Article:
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Announcing the GANGLION and the ULTRACORTEX—a $99 biodata acquisition device and a 3D-printed, brain-sensing headset.
Announcing the GANGLION and the ULTRACORTEX—a $99 biodata acquisition device and a 3D-printed, brain-sensing headset.
644 backers pledged $168,829 to help bring this project to life.

Announcing tDCS Shield Stretch Goal

Posted by Joel Murphy & Conor Russomanno (Creator)

At OpenBCI, we are cautiously optimistic about the beneficial potential of transcranial direct-current stimulation (tDCS). As always, safety is our number one priority. We hope to educate the public about proper tDCS techniques, and to offer a new, open-source platform for studying the effects of tDCS on electrical brain activity. If we hit the $160,000 stretch goal, we will provide the option to pre-order a tDCS Shield that is compatible with both the Ganglion and our 32bit board. In addition, we will design custom Ultracortex node mounts for tDCS-specific electrodes. Anybody with the complete Ganglion+Ultracortex+tDCS system will be able to perform simultaneous neurostimulation and neurorecording, trying out different electrode configurations and creating custom “closed-loop” brain-computer interface systems.

tDCS is a type of neurostimulation in which a low-amperage direct current is passed through the scalp from a positively charged electrode (anode) to a negatively charged electrode (cathode). Some research has claimed that tDCS can increase cognitive performance and assist in the treatment of cognitive disorders such as depression and ADHD. Other studies have reported that there is no statistically conclusive evidence that tDCS has any net cognitive effect. Despite the effects of tDCS being critically debated, it is widely accepted that tDCS—when adhering to safety protocols and done in a controlled manner—is a safe method of brain stimulation.

Spread the word, and help us double our goal!

Joel testing a breadboarded prototype of the tDCS Shield: “Ooooo!   It’s tingly…”
Joel testing a breadboarded prototype of the tDCS Shield: “Ooooo! It’s tingly…”

OpenBCI tDCS Shield Tech Specs:

  • Operating Voltage: 12V 
  • Variable Current Range: 0-2 mA (manually and digitally controllable) 
  • On-Shield Current Sensing 
  • Compatible with The Ganglion & 32bit Board 
  • Compatible with tDCS-specific Ultracortex electrode mounts 
  • On-shield LED bargraph for current value visualization 
  • Open Hardware Design

Additional tDCS Resources:

Once again, thank you for the amazing support.

All the best,

The OpenBCI Team

Agustina Jacobi, Tieg Zaharia, and 5 more people like this update.


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    1. Joel Murphy & Conor Russomanno 2-time creator on

      @Daniel Warren
      You will be able to pre-order the tDCS systems on our webstore in January.
      Information about this will be sent out in a survey.

    2. Missing avatar

      Daniel Warren on

      now that the stretch goal of 160,000$ has been hit, how do I add the tDCS to my pledge/order?

    3. Joel Murphy & Conor Russomanno 2-time creator on

      @Joel [another Joel! Cheers!] Thanks for your support! you are absolutely right about our goals and strategy for further developing these ideas.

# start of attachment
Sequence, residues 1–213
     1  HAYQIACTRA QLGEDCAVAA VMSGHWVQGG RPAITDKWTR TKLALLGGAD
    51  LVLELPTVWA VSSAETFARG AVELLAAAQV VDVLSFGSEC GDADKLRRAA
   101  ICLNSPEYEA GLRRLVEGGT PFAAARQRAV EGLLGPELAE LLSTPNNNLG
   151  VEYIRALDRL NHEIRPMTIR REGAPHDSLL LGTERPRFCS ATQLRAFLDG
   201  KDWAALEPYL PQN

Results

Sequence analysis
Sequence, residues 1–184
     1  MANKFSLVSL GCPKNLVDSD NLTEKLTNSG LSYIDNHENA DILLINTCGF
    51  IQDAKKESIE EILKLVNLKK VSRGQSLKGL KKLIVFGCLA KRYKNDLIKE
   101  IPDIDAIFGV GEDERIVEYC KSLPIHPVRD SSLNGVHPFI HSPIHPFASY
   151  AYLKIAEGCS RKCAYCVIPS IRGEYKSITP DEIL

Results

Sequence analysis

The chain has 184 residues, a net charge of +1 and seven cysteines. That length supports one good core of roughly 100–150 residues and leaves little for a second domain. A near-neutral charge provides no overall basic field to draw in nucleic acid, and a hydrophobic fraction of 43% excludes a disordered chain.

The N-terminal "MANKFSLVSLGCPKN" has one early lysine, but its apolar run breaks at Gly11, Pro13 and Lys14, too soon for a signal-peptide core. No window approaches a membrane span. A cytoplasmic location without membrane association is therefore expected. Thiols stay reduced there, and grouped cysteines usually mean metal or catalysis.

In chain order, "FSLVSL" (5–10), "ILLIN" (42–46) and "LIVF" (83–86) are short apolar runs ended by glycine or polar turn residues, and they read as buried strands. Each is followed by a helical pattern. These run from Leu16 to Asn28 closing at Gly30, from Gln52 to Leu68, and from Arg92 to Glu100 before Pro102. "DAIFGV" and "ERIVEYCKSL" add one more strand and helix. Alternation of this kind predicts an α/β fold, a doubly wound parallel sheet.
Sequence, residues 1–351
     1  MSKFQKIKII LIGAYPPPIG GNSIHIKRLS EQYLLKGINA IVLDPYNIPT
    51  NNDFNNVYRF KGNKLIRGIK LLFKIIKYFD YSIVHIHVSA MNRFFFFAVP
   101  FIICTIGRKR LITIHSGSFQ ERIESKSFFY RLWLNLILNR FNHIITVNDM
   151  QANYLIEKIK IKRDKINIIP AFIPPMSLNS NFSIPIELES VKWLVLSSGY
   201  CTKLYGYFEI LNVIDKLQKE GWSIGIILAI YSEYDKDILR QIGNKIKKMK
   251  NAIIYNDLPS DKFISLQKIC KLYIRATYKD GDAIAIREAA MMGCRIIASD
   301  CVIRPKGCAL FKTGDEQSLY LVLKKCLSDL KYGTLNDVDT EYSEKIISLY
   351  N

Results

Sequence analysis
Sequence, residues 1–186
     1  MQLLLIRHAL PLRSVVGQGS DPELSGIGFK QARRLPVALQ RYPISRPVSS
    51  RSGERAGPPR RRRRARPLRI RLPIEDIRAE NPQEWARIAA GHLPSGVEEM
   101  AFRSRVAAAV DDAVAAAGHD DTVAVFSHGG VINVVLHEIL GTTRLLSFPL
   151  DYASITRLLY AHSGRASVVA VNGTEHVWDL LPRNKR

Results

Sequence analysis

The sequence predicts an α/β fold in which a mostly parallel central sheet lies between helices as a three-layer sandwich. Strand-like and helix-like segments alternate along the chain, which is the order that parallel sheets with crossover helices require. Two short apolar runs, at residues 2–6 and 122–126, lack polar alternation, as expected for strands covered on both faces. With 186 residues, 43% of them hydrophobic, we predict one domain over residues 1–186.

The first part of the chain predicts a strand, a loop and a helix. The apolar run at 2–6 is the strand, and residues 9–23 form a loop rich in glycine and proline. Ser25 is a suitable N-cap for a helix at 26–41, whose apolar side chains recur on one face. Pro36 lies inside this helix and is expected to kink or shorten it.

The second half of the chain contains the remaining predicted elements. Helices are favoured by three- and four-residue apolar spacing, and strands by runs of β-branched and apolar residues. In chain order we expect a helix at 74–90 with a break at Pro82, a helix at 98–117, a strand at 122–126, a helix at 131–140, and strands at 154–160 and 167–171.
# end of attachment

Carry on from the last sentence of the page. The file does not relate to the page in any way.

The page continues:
4. Joel Murphy & Conor Russomanno 2-time creator on

      @Asher Dunn, well, you gotta start somewhere. One long term thought is that once we get the tDCS electrode design that fits with the Ganglion, we can also produce a tDCS specific board that works with the whole system. Then you'll be able to do all of the xXCS you want!

    5. Joel Murphy & Conor Russomanno 2-time creator on

      @MeccaBot I'm doing fine, Thanks! The circuit we're developing with is a charge pump that bumps the voltage from 3.3V to 18V, then it's regulated to 12V. That also makes it very hard to get much more than 6mA out of it.

    6. Missing avatar

      Joel Holmqvist on

      When developing new equipment, it is important to limit the process to well defined and achievable goals. I'd rather see well implemented tDCS, than less well executed but broader funcionality. You learn how to walk, before you start running.

      The new ultracortex clearly has potential for future development, even If it most likely can be developed further and/or supplemented. This project still has unknown stretch goals.

      I have chosen to back this project, not only because of what it will most likely end up creating, but also because I believe that the openBCI team will be able to push even further with their work.

      Patience, though, and please help me help them put the next piece of the puzzle on our table!

    7. Missing avatar

      Asher Dunn on

      It would be nice if it was both capable of other types of tCS such as tRNS, tPCS, and tACS, and had multiple channels of tCS output. This would give it excellent potential for use in research, particularly undergraduate and graduate.

      I'm rather skeptical of the practical value of the hobbyists use of tDCS—partially due to the reduction in magnitude of the effect size due to individual anatomy and the limitations in available electrode positioning approaches (The 10-20 EEG is, by and large, the most used approach--and one of the least accurate.). Bereft of a more accurate form of neuronavigation, the neurological effects of tCS sought by hobbyists will remain suppressed.

    8. MaccaBot on

      MMMMM... Joel doesn't look happy...
      Anybody Flew Over the Cuckoo's Nest....?